Smart Social Podcast: Keeping students safe so they can Shine Online

Using Student Tech to Solve Problems and Motivate Students with Guest Kevin Brookhouser

Episode Summary

Kevin Brookhouse has been an English and History teacher for over 20 years. He focuses on how technology can enhance education. Josh spoke with Kevin about technology in the classroom and how using technology can set kids up for success. In most classrooms, students have extrinsic motivators like grades to do good work. But when we want them to be creative, Kevin says, extrinsic motivators don’t really work. In order to focus on thinking innovatively and creatively we have to rethink those motivators. Kevin mentions Drive by Dan Pink, a book for managers who want to motivate teenagers. In the book, Pink talks about providing people more with more freedom and giving them positive affirmation when they do a good job. Kevin and Josh also talk about helping teens to find their purpose. These internal motivators work better for creative adventures as you’re not asking students to follow set guidelines. Instead, you are giving them the freedom to find a creative solution to a problem. Josh and Kevin also talk about learning to code, or or at least have some interest in HTML. People often strive to learn a second or even third language. That’s a great endeavor, and there’s no reason that coding shouldn’t be considered a language all its own. Being able to create a website or other platform to share your ideas is becoming crucial to having a positive imprint online. But I’m Not Tech Savvy Kevin says you’re no longer allowed to say you’re not a tech savvy person. In 2020, that’s not going to cut it. Tech is everywhere from the computers we use to the smartphones we put in our pockets. Unless you want to live under a rock, technology is going to find you. That said, anyone can be good at technology. You just need to change your mindset and be willing to learn. The only reason Kevin is good at technology is because he had the drive to learn more. He searches for the answers he doesn’t know. You can do this, too. You don’t have to be an expert, or even feel like an expert, to be able to use technology. Search engines are your friend. The #1 search engine is Google, followed by YouTube, which is owned by Google. Not sure how to do something? There’s probably a YouTube video out there that can help. Josh was able to learn how to do some remodeling by watching YouTube videos, and he had no experience in that field before he started. Students can create solutions and solve real world problems using technology. Kevin’s book, The 20time Project, shows teachers how to give students a percentage of time during the day to solve a problem or their choosing. The students get to choose the problem they want to solve, and then for 20% of the day they get the freedom to search for the answer. This model for a classroom works really well these days since everyone has a smartphone! Kevin says he had a hard time with students when he first introduced this method because for years, students and teacher had an unwritten contract: the teacher tells you what to do and the student does it exactly as they were told. This teaches students to be compliant and follow directions. But for this project, Kevin doesn’t tell his students what to do. Because in the real world, no one is going to tell them what to do. Learning isn’t limited to what happens in the classroom. By doing the 20time project, students are taught to continue learning no matter where they are in life, whether in college or on the job. Kevin says anyone who is going to be a good worker also has to be a good learner. How do I use these digital devices for good? Think of technology as a production device instead of a consumption device. Use the devices to learn and create things instead of passively consuming content. Build your digital portfolio by creating content on the devices. Having devices isn’t bad, they’re actually really good things to have. But the more emphasis you put on creation instead of entertainment, the better your students will use their devices. Kevin also mentions that instructional videos are great conversation starters at dinner. For more information about Kevin and his books go to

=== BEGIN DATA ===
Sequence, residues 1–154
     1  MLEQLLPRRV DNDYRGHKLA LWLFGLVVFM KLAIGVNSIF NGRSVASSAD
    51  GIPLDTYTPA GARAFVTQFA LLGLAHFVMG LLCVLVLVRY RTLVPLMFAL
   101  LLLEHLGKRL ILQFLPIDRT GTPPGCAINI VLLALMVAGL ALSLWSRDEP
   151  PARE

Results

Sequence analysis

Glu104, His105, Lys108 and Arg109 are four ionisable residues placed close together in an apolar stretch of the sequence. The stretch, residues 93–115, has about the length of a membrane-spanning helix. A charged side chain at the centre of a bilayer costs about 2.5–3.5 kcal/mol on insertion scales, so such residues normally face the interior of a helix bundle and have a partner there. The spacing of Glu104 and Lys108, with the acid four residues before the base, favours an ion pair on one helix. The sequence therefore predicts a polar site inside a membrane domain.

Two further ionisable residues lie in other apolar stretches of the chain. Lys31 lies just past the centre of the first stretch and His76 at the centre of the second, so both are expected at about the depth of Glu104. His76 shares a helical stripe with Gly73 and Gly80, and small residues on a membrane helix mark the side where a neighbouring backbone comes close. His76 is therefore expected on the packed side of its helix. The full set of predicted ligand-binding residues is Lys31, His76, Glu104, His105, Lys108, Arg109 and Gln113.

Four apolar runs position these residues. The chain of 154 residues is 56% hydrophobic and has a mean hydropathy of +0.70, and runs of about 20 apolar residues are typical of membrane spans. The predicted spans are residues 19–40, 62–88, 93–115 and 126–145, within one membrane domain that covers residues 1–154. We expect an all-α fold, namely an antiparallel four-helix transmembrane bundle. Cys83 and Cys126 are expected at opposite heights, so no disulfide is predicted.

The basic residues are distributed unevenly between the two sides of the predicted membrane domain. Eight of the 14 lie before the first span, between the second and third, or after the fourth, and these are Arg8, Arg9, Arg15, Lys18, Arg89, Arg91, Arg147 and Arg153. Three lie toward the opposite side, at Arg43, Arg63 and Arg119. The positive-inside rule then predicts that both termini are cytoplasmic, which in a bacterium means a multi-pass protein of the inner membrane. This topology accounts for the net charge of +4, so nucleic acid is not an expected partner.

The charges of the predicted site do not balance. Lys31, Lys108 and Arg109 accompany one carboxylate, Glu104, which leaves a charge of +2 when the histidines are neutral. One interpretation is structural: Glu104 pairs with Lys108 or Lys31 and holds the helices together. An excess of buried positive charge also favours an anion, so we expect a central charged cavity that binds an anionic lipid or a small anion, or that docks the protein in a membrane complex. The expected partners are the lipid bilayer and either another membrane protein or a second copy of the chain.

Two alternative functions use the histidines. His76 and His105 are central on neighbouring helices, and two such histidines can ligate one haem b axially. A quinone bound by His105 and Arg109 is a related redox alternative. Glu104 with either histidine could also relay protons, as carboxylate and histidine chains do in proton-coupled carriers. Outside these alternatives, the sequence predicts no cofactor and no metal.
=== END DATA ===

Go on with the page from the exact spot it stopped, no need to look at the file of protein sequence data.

Episode Notes

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